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BBC Club, London 4 March 2008
finest The Story's give lie to the notion that the twin staples of close
harmonies and well crafted pop rock songs have no place in the
contemporary music scene. For as this special 6 song album showcase at
London's BBC Club demonstrated there will always be room for great songs
and new creative talent. And clearly The Story's have an abundance of
Promoting the forthcoming 'Town Beyond The Trees' album, this select media
junket was also in effect a gentle reminder of the band's fast growing
reputation, ranging from being championed by Radio 2's Bob Harris to high
profile support slots with the likes of Elton John and Joe Cocker and even a
cameo role in the forthcoming film ‘The Bank Job'.
Perhaps a bigger question for the band will be how their west coast tinged
pop-rock sits with a younger audience and on the evidence of six core tracks
they are in with a good shout. Yes there is an undoubted AOR feel to their songs
and in an age when the likes of the Eagles are once again demonstrating their
enduring box office prowess, there is an obvious niche for The Story's blend of
four part harmonies, undulating melodies and strong hooks.
Above all, in the shape of Steve Balsamo they have not only a strong songwriting
front man but also a talkative charismatic figure who never baulks from putting
across the message of a song.
About the title track of the new album for example, Steve explains it as 'a
lament to our fathers', adding 'some of us have just become fathers and there is
no template'. He impressively used his high register almost ethereal voice as an
extra instrument, impressively delivering every nuance of the track without any
Indeed given the complete lack of venue production, save for a vocal PA, one of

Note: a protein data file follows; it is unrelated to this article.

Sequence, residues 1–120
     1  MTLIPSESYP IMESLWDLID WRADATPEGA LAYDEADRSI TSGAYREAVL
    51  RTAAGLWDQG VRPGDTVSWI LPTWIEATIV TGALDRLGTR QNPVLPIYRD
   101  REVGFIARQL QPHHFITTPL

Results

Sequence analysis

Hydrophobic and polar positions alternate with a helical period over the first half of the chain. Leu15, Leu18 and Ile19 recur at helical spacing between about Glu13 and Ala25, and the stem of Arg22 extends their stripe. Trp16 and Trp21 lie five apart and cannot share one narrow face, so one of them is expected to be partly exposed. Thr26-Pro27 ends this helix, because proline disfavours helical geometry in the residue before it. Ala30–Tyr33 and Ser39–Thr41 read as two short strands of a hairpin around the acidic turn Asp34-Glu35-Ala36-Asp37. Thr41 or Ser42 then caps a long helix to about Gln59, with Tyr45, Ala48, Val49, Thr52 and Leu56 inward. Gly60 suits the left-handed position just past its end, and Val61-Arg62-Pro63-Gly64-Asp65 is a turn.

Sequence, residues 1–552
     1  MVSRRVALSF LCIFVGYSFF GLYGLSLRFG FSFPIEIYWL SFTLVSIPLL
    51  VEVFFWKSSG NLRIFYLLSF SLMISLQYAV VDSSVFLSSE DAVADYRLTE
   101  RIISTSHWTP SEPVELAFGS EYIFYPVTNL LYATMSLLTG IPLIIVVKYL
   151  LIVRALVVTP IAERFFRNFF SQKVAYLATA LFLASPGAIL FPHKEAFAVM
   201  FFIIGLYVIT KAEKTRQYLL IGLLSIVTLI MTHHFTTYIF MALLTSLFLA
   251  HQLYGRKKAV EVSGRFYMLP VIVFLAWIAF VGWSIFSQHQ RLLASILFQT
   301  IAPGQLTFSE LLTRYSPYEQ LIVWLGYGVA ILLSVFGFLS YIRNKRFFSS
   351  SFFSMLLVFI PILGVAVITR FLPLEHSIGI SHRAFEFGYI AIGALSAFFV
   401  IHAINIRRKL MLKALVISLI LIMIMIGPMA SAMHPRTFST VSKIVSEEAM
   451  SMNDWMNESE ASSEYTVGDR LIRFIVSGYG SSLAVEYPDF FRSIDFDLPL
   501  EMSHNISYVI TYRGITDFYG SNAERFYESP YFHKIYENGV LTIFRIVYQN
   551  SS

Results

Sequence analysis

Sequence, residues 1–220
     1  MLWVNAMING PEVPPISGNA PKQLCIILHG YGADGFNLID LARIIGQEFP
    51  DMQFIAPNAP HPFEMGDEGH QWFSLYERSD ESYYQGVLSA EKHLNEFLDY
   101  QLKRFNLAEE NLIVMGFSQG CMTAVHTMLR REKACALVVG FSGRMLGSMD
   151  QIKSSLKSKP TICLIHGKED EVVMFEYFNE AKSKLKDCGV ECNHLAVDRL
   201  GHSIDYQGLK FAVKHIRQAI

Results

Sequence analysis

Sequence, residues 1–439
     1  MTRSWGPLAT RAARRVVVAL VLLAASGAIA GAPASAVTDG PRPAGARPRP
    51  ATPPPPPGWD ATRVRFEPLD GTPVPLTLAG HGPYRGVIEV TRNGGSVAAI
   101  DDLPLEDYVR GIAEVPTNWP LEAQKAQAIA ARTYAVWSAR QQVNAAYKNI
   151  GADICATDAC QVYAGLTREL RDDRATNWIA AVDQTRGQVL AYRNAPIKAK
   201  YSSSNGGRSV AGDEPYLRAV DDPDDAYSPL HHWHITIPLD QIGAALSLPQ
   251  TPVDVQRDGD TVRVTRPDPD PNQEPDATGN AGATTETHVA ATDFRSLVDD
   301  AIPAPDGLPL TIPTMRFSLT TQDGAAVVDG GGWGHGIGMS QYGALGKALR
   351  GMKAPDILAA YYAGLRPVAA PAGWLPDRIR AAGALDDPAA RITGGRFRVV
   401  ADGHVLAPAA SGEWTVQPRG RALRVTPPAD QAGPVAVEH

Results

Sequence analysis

the band's most impressive traits was the way they filled the room with their
soaring harmonies and subtle instrumentalism. By the end of the brief set you
felt as if you'd known all these songs before you stepped into the building.
The forthcoming single 'Long Hard Road' is pure west coast in its musical
structure and imagery and is the killer song that The Eagles never wrote. It
features Steve's Jackson Browne style emotive lead vocal line and some cleverly
layered harmonies over a tic-tock drum pattern and the kind of killer hook that
is surely destined for copious amounts of radio plays.
The Eagles also came to mind on the equally impressive closing mid tempo rocker
‘Evangeline', suggesting the band have a well of harmony laden songs in their
locker. Above all The Story's seem to be a band for who a sense of democracy
works well with guitarist Rob Thompson and fellow lead guitarist Dai Smith
sharing some lead vocals although Steve B was never too far away from centre
stage while adding some impressive backing vocals to help fill out the band's
Above all the front line singers also share in the song writing process and you
suspect results are exactly what the band set out to achieve. There's a lot of
expectation riding on The Story's, from their decision to release the new album
on their own label to the current levels of media interest in the band. And
while The Story's view their 70's antecedents as a touchstone for great music,
if this showcase is anything to go by they have plenty of that west coast magic
of their own.
Review by Pete Feenstra, photos by Noel Buckley
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